Researchers at the UK’s Bell Equine Veterinary Clinic and at Virginia Tech in the US have developed an online database of colic surgeries. The recorded information will be kept anonymous but the database will allow individual surgeons and hospitals to compare their results with those elsewhere. While such databases are common in human surgery, there are very few similar systems in the veterinary world.

Colic surgery is major and expensive. It is vital that surgeons should be adequately trained and experienced. Despite massive advances in the success rates over the past 40 years, a significant number of horses experience complications or die.

Being able to compare their own rates of complications with others is an important and valuable exercise.

For most owners there is no choice where their horse operated upon, and because the surgery is usually an emergency the closest hospital will generally be used. Making sure that the surgical team is working to a high standard, however, is an important consideration.

Could it be colic?
Despite the fact that colic is common and known to be a major concern, little is known about owners’ understanding and decision-making, even though this could assist vets in tailoring information with the aim of improving outcomes.

Researchers at the University of Liverpool used in-depth interviews and a cross-sectional questionnaire of 15 horse-owners to find out more.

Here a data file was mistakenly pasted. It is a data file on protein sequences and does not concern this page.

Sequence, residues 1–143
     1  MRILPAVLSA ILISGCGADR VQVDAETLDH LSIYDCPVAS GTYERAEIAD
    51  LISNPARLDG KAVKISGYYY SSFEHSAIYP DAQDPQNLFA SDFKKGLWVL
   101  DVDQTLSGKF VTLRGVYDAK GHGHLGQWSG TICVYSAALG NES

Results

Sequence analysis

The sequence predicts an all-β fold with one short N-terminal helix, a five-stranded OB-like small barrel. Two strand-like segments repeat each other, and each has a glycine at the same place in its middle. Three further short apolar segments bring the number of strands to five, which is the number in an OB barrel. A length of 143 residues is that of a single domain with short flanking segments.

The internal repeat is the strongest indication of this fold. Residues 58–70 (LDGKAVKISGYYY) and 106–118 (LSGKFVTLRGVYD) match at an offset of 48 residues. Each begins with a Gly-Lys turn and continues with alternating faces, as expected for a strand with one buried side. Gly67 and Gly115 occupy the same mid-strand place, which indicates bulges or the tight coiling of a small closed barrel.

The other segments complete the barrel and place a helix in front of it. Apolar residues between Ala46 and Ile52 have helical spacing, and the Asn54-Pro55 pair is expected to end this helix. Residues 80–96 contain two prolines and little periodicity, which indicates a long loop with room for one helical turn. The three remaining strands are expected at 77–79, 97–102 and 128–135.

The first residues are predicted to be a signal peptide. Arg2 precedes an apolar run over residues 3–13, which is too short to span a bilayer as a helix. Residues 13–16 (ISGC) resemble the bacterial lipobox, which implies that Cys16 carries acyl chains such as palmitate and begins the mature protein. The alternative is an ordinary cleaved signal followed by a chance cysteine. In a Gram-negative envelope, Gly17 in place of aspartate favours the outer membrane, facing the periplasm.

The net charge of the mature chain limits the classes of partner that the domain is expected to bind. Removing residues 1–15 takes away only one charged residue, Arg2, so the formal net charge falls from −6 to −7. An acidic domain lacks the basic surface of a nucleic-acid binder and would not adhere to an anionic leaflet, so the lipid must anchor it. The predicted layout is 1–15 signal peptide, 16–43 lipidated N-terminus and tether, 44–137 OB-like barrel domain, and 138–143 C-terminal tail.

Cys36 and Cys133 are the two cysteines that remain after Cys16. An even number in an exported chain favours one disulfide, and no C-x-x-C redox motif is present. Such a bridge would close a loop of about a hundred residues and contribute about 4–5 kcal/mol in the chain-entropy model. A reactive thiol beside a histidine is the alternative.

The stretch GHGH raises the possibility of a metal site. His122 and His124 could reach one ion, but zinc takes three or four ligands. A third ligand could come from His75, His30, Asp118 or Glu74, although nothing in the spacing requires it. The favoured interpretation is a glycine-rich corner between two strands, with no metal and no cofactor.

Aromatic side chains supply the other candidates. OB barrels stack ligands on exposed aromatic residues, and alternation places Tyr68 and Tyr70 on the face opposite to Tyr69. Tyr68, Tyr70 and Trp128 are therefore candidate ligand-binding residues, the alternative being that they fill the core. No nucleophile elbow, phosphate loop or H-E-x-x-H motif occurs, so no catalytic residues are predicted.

Owners used three main management strategies: “wait and see”, meaning that they would watch the horse closely for further developments; “lay treatments”, which entailed walking the horse, for example; and “seek veterinary assistance”, the chosen option when professional help was needed.

In addition, a postal questionnaire gathered data from 673 horse-owners in the north-west.

It appeared that an owner’s previous experience shaped their interpretations and was critical in determining how they would deal with colic in their own horse.

This may mean that further education would aid owners in making appropriate decisions about when to seek urgent veterinary attention.

Counting the cost of surgery
Ever since the economic turmoil of 2008, vets have been concerned about the reduced willingness of owners to give permission for expensive medical or surgical procedures.

Surgeons at the University of North Carolina and Bell Equine Veterinary Clinic documented the numbers of colic referrals over the last 10 years. They also recorded horses undergoing surgery and euthanasia.

An interesting trend emerged at both practices. A decrease in the number of colic patients going to surgery was accompanied by an increase in euthanasia prior to or at the point of surgery.

Over the latter half of the study period, the cost of surgery rose by approximately 10% at both practices. This suggests that factors other than fee increases may have accounted for an increasing trend towards euthanasia of horses with surgical colic. Now that the economic outlook has improved, it is hoped that owners will be more inclined to allow their horses to undergo this life-saving surgery when it is required.

This article was first published in the 17 July 2014 issue of Horse & Hound magazine